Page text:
well well well Karl Copp was right all along the f-35 is useless against advanced Flankers.

Notice in the below report Liberal Nick Minchin rather take these reports with a grain of salt and put faith in what the manafaucter says instead. . He also fails to mention that the US will have Raptors to deal with flankers, Hi-lo mix duh,  and the second largest user the UK will have the not so great but still effective Eurofighter for a similar mix. What a clown

i was waiting for this huge Howard mistake to be exposed before it to late.

my bolding
Quote
(Source: Australian Associated Press; issued Sept. 11)

The federal opposition has dismissed new doubts about the capacity of the multi-billion dollar Joint Strike Fighter to perform against jets used by Russia and China.

The JSF jets, for which Australia is likely to pay $16 billion, were comprehensively beaten in highly classified simulated dogfights against Russian-built Sukhoi fighter aircraft, it has been reported.

The war games, conducted at Hawaii's Hickam airbase last month, were witnessed by at least four RAAF personnel and a member of Australia's peak military spy agency, the Defence Intelligence Organisation, The West Australian said.

Opposition defence spokesman Nick Minchin said he was taking "with a grain of salt" the validity of the report.

"This is based on a computer game, computer modelling of the aircraft," he told Sky News. "This is not real life."

Senator Minchin said he had a classified briefing on the JSF from its US manufacturer Lockheed-Martin which had promoted the aircraft as the most advanced jet fighter ever. "I can't really say much about it, but this is a phenomenal aircraft.

"As our chief of defence Angus Houston has said this is a most extraordinary aircraft, it is the right aircraft for Australia."

The multi-purpose fighter would be the backbone of the United States military, Senator Minchin said. "We are fortunate to be in it and the government should move to make the decision to acquire it."

WA Liberal backbencher Dennis Jensen said he had spoken to a third party with knowledge of the final classified test results who had claimed the JSF had been clubbed like baby seals by the simulated Sukhois, The West Australian reported.

He said the government should demand that the US Government sell it the F-22 which was already in operation instead of the JSF.

A response was being sought from the government.


http://www.theage.com.au/
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Post Options Post Options   Thanks (0) Thanks(0)   Quote Balaam Quote  Post ReplyReply Direct Link To This Post Posted: 28-Sep-2008 at 01:38
Well it would appear that soon women will be able to fight in front line roles that were normally excluded from. They will be able to do so based on there skill not gender. Personally I think this is a great thing, its about time that they can do these roles if they want too.

New rules may put women on front line

09:38 AEST Sat Sep 27 2008
1 day 57 minutes ago
Corporal%20Gayle%20Van%20der%20Hout%20of%20the%20Australian%20Joint%20Task%20Force.%20%28AAP%29
Corporal Gayle Van der Hout of the Australian Joint Task Force. (AAP)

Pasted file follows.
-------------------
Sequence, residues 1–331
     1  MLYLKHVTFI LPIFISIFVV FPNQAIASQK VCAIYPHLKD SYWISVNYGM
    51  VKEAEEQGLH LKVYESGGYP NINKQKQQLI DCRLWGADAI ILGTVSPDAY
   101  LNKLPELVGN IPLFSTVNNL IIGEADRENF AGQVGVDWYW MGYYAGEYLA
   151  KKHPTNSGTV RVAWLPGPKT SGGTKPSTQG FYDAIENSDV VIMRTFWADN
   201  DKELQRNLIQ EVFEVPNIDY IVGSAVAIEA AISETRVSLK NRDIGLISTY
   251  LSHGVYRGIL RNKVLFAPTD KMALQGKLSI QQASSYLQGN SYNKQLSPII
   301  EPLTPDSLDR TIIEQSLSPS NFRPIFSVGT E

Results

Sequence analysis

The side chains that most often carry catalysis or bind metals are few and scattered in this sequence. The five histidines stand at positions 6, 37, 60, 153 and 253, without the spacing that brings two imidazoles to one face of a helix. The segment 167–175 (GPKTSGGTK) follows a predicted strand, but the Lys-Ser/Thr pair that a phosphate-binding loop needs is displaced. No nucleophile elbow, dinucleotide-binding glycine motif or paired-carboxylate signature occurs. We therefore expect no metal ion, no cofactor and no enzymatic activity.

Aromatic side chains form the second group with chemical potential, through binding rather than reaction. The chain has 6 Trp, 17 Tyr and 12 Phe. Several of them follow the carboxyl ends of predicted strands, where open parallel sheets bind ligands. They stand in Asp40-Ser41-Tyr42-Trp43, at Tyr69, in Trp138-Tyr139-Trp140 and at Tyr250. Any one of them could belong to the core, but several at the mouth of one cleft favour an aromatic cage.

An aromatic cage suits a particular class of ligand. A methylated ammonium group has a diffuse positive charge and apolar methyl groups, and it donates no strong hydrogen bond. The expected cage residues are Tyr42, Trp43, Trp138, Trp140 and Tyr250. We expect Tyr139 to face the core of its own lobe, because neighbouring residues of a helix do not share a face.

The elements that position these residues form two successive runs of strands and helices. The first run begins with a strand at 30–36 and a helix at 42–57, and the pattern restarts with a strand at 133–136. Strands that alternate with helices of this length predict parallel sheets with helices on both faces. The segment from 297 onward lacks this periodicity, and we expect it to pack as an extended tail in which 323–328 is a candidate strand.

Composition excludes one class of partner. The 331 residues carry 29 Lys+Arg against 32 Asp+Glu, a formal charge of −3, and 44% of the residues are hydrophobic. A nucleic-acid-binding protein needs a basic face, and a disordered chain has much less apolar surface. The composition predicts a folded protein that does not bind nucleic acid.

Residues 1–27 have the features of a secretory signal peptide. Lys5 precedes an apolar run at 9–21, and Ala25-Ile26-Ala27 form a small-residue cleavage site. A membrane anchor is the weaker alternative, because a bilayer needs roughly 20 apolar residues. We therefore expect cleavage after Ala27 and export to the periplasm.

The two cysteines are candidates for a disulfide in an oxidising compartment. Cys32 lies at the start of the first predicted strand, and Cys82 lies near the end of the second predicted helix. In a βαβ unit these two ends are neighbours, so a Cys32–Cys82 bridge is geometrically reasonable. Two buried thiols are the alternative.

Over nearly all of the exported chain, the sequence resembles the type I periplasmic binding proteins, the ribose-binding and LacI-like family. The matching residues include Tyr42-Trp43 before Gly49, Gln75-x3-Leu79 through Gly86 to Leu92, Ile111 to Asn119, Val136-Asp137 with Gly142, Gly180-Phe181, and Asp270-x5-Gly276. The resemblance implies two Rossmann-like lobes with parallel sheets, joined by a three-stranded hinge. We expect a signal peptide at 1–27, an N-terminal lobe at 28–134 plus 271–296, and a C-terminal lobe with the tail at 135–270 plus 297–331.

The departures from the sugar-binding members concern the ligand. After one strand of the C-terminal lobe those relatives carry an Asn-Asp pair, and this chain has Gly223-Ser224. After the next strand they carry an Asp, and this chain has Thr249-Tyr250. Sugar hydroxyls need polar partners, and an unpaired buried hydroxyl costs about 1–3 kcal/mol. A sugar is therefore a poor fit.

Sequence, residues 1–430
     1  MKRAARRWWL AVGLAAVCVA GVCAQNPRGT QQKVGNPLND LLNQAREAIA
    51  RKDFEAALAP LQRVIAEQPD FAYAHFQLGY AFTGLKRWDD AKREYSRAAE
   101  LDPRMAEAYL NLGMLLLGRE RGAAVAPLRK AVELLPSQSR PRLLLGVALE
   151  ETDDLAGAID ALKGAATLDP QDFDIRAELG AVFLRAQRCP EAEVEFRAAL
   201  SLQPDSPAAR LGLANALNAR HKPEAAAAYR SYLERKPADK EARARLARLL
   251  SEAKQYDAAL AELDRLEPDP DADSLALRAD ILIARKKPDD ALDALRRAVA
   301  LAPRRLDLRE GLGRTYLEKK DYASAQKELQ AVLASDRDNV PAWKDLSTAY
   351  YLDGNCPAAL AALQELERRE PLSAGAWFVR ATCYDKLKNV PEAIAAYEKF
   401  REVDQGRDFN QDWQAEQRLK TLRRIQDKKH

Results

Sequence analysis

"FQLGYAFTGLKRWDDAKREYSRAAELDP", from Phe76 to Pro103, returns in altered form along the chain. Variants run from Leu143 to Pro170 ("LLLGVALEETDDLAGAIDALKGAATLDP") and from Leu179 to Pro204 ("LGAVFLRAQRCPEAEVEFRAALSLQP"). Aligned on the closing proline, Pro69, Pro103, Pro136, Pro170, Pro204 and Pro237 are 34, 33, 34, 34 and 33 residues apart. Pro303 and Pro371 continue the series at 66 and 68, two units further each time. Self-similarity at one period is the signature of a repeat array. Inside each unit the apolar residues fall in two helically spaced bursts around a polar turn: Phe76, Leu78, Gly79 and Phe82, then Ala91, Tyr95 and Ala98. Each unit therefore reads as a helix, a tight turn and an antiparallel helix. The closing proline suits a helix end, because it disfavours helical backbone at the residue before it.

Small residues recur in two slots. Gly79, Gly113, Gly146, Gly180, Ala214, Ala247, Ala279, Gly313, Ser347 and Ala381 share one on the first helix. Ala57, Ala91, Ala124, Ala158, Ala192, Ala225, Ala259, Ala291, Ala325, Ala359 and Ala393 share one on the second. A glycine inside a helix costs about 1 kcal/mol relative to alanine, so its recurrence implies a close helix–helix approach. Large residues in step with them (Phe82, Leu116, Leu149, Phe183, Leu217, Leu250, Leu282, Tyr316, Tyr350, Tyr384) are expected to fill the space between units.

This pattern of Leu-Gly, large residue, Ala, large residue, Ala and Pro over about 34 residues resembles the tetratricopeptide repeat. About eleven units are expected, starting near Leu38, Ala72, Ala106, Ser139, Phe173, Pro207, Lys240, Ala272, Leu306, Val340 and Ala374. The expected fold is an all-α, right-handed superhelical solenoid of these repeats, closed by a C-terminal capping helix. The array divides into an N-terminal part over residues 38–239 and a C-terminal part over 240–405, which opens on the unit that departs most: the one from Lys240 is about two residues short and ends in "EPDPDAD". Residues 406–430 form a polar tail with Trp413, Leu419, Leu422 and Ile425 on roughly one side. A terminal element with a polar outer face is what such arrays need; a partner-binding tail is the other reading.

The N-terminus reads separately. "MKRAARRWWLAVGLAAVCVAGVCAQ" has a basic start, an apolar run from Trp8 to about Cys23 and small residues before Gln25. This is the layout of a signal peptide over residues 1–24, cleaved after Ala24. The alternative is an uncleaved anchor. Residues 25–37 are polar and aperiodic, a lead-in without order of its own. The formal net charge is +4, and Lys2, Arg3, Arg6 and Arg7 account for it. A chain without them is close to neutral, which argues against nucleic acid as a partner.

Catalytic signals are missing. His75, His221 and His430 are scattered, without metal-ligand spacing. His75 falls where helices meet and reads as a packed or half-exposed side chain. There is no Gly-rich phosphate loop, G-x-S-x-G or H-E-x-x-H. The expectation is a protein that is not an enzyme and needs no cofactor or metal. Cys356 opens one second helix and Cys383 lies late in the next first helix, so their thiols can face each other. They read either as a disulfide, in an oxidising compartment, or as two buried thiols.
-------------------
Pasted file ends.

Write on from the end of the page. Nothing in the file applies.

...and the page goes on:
Click%20on%20the%20secondary%20images%20to%20swap%20them%20with%20the%20main%20image.
Australian women may soon fight in front line combat, Defence Minister Joel Fitzgibbon says.

The lifting of gender-based restrictions on defence personnel could see Australian women fighting in front-line combat.

The federal government is reviewing the restrictions that prevent women from occupying dangerous combat roles, and is considering replacing them with ones based on physical attributes, Fairfax newspapers report.

The work is being done by the Defence Department's scientific arm, the Defence Science and Technology Organisation (DSTO).

Women now make up more than 13 per cent of Australia's Defence Force and can serve in 90 per cent of its roles. However direct combat roles, such as infantry, artillery gunners, armoured corps or combat engineers, remain out of bounds.

While some women may not possess the physical attributes required for the most demanding combat roles, the changed restrictions would see them excluded on merit, not gender.

"It is important that we keep working towards removing the barriers to women being eligible to serve in all employment categories," Defence Minister Joel Fitzgibbon told Fairfax.

"Studies such as the DSTO physical standards project ... will assist in identifying practical measures to removing such barriers."

http://news.ninemsn.com.au/article.aspx?id=638040


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Post Options Post Options   Thanks (0) Thanks(0)   Quote Leonidas Quote  Post ReplyReply Direct Link To This Post Posted: 28-Sep-2008 at 08:07
^ they don't have much choice. the mining industry is poaching from the service and they cant get the numbers.
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Post Options Post Options   Thanks (0) Thanks(0)   Quote Leonidas Quote  Post ReplyReply Direct Link To This Post Posted: 14-Oct-2008 at 12:27
some photos of the ADF in Afghanistan

A section of mortars fires on likely enemy positions during a night mission at the new joint patrol base north of Tarin Kowt, Afghanistan.